By paragraph 5 of the plaint the appellant disclosed that he was aware that the ownership of the property known as Plot 430 at Njeru West had changed. By Annexure “B” to the plaint he disclosed that he offered to enter into a tenancy agreement with the new owner so that he could start paying rent. The resultant contract would then establish the appellant’s right to occupy or trade on the space in dispute. It is a well established principle that a contract is only formed where there is an offer and an acceptance followed by sufficient consideration. In this case, though the plaint disclosed that the appellant offered to enter into a contract it did not disclose that the respondent accepted the offer. Neither did it show that there was sufficient consideration or at all to validate the contract. In the circumstances, the plaint failed to disclose two of the essential elements of a contract. This went to show that on the face of the plaint that there was no contract between the appellant and the respondent. The appellant therefore had no rights to remain in the suit premises.

However, after the respondent rejected, neglected or refused to accept the appellant’s offer to enter into a tenancy agreement with him, the appellant continued to occupy the premises and to carry on his business in front of them up to the 18/09/2007. That was the date when the court issued the warrant to give vacant possession of the premises to the respondent. This means the appellant continued to occupy the suit premises for a further period of 4 months without any contract with the respondent. He also did not pay any rent to the respondent or to S. N. Gandesha his agent. If he made any attempts to pay rent which was rejected as was his testimony in court, that fact was not disclosed by the plaint.

In Auto Garage v. Motokov (supra), the Justices of the East Africa Court of Appeal were all in agreement that where one of the essential elements of the cause action is not disclosed on the face of the plaint it is to be concluded that the plaint does not disclose a cause of action. In their view such a plaint could be amended in order to disclose a cause of action if the amendment does not introduce a new cause of action not originally pleaded. In Uganda that may be done under the provisions of Order 6 rule 20 which provides for amendment of the plaint without leave of court after the defendant has filed a written statement of defence (WSD), or by leave of court. The respondent filed a WSD in which he stated in paragraph 4 that the appellant had no right to continue occupying the suit premises because he had become a trespasser therein due non payment of rent. In spite of this, the appellant or his advocate did not file a reply to the WSD to rebut this fact. Neither did they amend the plaint to clarify the facts that gave rise to the appellant’s alleged cause of action.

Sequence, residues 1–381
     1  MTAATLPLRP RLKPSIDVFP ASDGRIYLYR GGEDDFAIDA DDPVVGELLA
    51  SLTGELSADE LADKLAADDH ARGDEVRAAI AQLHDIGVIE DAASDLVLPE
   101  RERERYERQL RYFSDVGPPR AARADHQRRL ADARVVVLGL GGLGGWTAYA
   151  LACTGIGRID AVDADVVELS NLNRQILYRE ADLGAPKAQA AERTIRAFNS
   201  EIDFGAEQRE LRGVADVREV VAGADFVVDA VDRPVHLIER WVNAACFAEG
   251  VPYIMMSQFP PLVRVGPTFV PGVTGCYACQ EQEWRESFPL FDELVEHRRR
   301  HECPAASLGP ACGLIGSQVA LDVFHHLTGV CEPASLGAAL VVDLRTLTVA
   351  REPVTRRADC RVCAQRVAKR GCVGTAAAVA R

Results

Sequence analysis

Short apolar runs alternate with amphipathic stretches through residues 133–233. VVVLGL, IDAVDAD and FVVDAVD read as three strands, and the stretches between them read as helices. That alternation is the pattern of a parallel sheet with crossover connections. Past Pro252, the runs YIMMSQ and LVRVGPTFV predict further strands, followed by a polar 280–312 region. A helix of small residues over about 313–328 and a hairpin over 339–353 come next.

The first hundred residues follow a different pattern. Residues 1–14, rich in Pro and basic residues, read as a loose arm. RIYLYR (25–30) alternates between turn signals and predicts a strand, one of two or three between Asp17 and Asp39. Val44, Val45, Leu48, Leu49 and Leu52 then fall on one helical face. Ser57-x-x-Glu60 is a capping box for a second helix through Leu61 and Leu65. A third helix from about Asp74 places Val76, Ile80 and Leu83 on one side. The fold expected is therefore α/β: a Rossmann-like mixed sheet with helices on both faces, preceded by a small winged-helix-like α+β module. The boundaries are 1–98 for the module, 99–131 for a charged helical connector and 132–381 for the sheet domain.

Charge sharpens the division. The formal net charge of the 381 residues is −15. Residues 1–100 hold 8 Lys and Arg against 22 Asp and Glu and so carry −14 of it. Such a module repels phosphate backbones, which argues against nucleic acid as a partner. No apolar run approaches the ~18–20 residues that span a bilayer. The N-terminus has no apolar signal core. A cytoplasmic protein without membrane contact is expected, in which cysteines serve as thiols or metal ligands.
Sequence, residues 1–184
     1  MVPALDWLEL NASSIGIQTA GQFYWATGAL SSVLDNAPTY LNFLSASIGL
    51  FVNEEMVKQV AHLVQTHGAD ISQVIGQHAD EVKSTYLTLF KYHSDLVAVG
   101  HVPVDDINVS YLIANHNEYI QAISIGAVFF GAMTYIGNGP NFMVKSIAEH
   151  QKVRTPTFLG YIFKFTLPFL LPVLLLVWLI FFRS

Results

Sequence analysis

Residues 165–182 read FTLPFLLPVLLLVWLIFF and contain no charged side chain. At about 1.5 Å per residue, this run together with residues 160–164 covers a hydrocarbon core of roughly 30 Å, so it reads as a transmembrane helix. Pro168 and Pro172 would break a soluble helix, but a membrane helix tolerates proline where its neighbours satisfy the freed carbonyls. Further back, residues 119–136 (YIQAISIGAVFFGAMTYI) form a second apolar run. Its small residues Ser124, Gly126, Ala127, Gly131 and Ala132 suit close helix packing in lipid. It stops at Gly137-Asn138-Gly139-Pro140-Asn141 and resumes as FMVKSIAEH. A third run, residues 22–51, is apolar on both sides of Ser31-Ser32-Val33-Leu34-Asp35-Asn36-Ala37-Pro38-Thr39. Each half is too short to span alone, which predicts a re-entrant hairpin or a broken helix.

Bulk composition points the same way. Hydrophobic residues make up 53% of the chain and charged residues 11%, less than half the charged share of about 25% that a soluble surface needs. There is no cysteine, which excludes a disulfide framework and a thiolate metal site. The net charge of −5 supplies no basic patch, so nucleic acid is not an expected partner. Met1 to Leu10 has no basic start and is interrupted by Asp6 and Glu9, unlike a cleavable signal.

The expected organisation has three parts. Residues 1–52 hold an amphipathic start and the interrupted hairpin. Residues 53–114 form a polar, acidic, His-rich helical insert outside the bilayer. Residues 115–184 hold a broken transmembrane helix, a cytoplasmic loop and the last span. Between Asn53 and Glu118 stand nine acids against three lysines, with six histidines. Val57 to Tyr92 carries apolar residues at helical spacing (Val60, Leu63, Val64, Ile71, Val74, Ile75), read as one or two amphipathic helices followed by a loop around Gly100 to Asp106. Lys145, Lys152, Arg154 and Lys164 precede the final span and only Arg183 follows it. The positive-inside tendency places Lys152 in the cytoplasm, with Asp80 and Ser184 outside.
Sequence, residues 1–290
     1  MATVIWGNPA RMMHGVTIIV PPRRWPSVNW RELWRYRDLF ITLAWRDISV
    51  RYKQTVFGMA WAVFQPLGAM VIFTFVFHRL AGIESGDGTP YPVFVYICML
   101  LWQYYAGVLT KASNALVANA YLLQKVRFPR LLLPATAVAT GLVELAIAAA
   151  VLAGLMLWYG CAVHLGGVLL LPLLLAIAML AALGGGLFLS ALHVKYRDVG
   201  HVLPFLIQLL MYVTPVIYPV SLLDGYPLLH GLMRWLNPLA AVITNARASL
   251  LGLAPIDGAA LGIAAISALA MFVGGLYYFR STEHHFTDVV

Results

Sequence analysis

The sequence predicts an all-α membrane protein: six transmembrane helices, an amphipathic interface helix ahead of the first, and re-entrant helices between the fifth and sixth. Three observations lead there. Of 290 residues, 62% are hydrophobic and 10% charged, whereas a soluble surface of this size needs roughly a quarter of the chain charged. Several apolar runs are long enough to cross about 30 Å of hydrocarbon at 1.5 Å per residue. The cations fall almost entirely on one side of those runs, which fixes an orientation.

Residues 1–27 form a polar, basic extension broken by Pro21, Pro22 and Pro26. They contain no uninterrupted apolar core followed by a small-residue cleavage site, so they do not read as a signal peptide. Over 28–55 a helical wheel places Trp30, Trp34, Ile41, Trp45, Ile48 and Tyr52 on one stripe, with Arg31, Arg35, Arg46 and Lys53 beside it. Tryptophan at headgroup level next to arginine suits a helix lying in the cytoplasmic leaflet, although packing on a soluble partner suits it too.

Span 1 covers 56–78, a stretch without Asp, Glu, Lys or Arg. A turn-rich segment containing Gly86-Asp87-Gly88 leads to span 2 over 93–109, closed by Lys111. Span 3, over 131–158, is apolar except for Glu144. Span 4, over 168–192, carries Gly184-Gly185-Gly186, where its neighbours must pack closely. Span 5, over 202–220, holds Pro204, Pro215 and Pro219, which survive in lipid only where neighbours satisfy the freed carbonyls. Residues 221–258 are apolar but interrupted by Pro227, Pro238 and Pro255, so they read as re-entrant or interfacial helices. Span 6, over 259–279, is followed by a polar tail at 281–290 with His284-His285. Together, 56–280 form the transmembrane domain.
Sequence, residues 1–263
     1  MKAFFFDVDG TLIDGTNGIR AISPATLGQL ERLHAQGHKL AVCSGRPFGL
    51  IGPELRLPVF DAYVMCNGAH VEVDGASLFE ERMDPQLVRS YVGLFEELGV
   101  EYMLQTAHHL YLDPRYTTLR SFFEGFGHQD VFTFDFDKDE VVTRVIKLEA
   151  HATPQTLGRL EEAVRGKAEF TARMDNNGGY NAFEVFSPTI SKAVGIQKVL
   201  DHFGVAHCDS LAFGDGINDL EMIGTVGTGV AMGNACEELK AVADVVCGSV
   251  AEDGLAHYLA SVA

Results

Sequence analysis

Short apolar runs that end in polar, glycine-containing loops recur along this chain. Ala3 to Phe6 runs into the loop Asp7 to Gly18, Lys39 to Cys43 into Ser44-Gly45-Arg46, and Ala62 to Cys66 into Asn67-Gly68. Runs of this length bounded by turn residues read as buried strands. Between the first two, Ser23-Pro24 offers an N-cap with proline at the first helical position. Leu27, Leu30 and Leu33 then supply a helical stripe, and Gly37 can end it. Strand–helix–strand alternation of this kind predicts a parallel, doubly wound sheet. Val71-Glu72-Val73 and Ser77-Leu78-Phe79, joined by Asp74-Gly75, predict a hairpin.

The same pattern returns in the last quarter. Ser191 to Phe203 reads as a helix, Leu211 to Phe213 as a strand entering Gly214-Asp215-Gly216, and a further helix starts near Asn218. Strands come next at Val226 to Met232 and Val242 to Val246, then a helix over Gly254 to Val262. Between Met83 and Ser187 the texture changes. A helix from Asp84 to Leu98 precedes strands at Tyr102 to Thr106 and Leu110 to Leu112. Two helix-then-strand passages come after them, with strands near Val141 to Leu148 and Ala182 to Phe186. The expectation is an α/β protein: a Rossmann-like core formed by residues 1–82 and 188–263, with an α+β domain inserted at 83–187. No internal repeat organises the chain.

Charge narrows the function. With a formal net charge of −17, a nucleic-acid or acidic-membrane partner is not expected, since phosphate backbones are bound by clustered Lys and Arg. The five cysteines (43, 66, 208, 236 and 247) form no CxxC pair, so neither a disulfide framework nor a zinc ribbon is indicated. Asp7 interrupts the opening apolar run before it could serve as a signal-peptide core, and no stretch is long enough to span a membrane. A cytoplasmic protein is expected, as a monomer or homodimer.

Given the appellant’s plaint as it stood, on the face of it the appellant had no right to occupy the suit premises. As a result, an essential element that would give rise to the cause of action was never disclosed. The trial magistrate was therefore correct when she came to the conclusion that the appellant was possibly a trespasser on the suit premises and had no right that had been infringed by the respondent.

It was Mr. Wafula’s contention that the trial magistrate’s analysis of the evidence was wrong because she ignored the appellant’s claim about the licence and use of the road reserve but instead focused on the issue of ownership. Mr. Wafula argued that the trial magistrate hid behind the issue of ownership because it was she that issued the warrant of eviction. I considered his argument but I came to the conclusion that it was not substantiated. The appellant claimed to have established his business in the road reserve because he was a legal occupant of the property on Plot 340 alongside the road reserve. Even if this fact was not specifically pleaded it was to be inferred from the facts pleaded in paragraphs 4, 5 and 6 of the plaint; the appellant’s opportunity to continue running that business in the road reserve appurtenant to Plot 430 was premised on his continued occupation of the premises on that plot of land. It is therefore my opinion that the appellant could not by any other means continue his business, right in front of the respondent’s premises without his permission or licence or that of the occupiers thereof.